Bettina Laville, for her part, says that the commitment at national level on the evolution of the price of carbon should be at least a ten-year commitment, which corresponds to two five-year terms. Behind this statement lies the more general question of the capacity of democracies to carry out long-term structural transformations: this nagging question is obviously at the heart of the current crisis of democracies, in contrast to the capacity of authoritarian regimes like China to carry out very long-term strategies.
B/ Total footprint of societies
How do we take into account emissions along the entire value chain?
Because of the assumptions mentioned in the preamble, this question is largely assimilated to the question of carbon adjustment at the borders in order to level the playing field. This implies, says Christian Gollier, that importers must buy the corresponding permits on the ETS market. And Christian De Perthuis pointed out that in the absence of precise knowledge of the carbon traceability of a sector, it is possible to establish this taxation at the borders on the basis of a « benchmark » of reference emissions, such as those discussed in the first session to measure the total footprint of the lifestyle, with the onus on importers who would like a lower taxation to prove, through traceability in the sector, that their emissions are indeed lower than the benchmark. This is a fruitful idea that also applies to the other families, in particular to family 3 of tradable individual quotas.
How are companies led to ensure the traceability of fossil energy consumption throughout the value chain?
This question is related to the previous one, but Bettina Laville also noted that companies are increasingly required to produce extra-financial statements, if only because of pressure from investors. Regardless of the family of solutions chosen, it can be assumed that this traceability throughout the chain will gradually be imposed. The Citizens’ Climate Convention has come out in favour of displaying a carbon score for products : initially for information purposes only, but contributing to an awareness of the consequences of each act of purchase.
How to make the carbon tax included in imported energy compatible with WTO rules ?
Christian De Perthuis and Christian Gollier agree that it is not strictly incompatible with the WTO. Christian Gollier notes that several GATT articles (2 : 2.a, 3 : 4) can be invoked to justify a border carbon adjustment mechanism at the WTO. But they both specify « that such a mechanism can only be envisaged if Europe gives itself a uniform and transparent carbon pricing system, by abolishing the free quotas currently offered to the most carbon-intensive sectors exposed to international competition« . This is certainly a prerequisite for successful negotiations at the WTO, for which the non-discriminatory nature of the global pricing proposal will be key, » says Christian Gollier. Before the implementation of a border carbon adjustment mechanism, the scope, price stability and intensity of the ETS must be reformed. To justify fairness with external competitors to the WTO, it is essential to first organise the fairness and transparency of a uniform carbon price internally} ". However, as Christian De Perthuis noted in disillusion, with the negotiations that have just taken place in Brussels, we can hardly be optimistic.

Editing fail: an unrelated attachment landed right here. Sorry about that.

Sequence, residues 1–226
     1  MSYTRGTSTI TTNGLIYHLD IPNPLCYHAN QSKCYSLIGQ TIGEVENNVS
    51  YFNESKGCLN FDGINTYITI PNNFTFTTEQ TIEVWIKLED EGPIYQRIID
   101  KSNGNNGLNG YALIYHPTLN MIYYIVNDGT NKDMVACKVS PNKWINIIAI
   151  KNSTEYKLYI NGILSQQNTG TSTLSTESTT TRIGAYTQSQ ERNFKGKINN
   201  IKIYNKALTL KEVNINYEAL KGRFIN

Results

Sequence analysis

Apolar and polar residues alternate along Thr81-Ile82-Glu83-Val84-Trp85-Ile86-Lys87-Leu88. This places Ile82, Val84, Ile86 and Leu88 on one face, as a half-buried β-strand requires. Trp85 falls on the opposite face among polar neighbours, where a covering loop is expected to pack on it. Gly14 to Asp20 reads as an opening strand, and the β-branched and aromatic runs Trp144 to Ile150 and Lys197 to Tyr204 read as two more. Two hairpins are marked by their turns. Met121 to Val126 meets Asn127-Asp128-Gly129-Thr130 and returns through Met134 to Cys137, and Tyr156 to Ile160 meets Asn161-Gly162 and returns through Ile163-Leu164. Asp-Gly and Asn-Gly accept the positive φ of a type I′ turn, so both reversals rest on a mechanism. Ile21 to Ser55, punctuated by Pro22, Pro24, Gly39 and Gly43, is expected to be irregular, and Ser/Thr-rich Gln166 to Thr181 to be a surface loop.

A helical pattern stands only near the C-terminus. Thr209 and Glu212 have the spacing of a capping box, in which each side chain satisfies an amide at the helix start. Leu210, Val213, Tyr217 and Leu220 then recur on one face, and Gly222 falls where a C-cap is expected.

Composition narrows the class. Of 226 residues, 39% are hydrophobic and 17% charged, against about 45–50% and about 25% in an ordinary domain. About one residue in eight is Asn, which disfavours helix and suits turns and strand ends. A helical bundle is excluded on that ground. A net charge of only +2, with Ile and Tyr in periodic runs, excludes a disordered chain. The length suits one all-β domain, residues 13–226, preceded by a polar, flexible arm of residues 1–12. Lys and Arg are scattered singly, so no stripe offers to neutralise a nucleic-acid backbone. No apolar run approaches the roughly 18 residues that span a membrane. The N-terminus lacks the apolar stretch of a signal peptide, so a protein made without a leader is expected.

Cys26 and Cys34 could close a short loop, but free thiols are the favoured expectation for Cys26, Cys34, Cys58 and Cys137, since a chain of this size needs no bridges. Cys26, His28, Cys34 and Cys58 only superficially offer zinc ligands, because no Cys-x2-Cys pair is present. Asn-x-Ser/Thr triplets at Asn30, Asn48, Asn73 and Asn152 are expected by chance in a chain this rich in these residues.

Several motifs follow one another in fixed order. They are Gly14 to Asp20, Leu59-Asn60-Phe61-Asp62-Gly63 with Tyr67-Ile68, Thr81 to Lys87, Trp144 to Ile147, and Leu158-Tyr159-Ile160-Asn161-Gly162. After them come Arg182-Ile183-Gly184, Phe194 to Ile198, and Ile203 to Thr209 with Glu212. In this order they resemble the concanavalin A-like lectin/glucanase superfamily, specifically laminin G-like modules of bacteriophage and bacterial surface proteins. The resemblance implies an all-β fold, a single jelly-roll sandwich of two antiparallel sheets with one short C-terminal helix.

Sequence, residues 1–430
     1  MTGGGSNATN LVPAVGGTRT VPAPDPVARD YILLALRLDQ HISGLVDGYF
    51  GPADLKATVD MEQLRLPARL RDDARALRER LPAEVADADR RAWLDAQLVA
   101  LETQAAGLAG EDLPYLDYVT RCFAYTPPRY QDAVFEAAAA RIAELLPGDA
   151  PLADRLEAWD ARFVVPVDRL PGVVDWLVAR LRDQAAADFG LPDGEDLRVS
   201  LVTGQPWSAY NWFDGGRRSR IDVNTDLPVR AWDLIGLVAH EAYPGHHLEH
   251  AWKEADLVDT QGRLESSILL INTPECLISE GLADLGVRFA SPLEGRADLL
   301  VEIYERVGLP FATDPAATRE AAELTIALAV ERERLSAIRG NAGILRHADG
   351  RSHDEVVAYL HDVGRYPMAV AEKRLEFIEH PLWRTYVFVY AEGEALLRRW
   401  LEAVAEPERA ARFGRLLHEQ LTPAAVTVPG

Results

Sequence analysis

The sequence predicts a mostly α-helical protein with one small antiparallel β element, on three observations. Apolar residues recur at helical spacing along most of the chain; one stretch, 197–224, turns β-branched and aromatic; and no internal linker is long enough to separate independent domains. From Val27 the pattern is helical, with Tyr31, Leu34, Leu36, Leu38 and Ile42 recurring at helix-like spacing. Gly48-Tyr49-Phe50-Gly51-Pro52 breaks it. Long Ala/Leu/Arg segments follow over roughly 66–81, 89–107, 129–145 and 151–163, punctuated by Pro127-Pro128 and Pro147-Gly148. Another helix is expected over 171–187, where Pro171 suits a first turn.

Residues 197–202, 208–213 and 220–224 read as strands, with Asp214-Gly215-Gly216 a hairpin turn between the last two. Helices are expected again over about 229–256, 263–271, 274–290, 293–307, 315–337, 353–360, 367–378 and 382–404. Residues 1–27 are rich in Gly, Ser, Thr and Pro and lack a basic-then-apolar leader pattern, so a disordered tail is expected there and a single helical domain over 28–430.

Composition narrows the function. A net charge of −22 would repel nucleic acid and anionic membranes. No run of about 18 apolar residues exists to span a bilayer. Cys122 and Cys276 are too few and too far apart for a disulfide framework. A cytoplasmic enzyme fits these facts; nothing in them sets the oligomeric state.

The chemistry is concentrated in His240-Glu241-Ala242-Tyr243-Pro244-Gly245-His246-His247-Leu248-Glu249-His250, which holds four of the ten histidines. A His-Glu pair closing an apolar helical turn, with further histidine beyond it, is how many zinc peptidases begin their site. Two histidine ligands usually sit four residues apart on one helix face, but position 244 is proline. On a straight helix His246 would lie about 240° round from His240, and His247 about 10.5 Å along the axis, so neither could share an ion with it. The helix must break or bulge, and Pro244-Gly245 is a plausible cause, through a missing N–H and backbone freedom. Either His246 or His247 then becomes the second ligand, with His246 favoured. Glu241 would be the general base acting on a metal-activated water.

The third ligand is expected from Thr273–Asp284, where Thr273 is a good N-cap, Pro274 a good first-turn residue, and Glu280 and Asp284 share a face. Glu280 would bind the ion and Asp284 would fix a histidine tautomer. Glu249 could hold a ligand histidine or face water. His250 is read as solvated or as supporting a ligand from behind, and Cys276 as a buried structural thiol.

Let us note a strong convergence on the ideas of extending the ETS mechanism to all sectors of the economy, abandoning free quotas, setting a floor price for quota trading that increases from year to year.
C/ Social justice, tax reform and decoupling welfare development from fossil fuel reduction
How to make visible the decoupling of welfare from fossil energy consumption?
This question has been little addressed. Nevertheless, it is approached by Sandrine Rousseau who defends the idea of a « carbon card » given to households to manage their direct fossil energy expenditure, » similar to the telephone cards of the past so that there is no copying of consumption ", which would, according to her, have the merit of making people aware of the impact of each purchase.
How to reconcile the increase in the price of carbon with social justice?
This reconciliation is, in everyone’s opinion, the sine qua non for implementing a price signal policy. On the other hand, it follows from the initial hypotheses that carbon taxation remains one tax among others. Sandrine Rousseau recognises that this will remain a delicate issue for the upcoming French presidential elections, especially since, adds Bettina Laville, the Citizens’ Climate Convention did not take this hypothesis into account from the outset, so that it seems to have been delegitimised by the citizens themselves.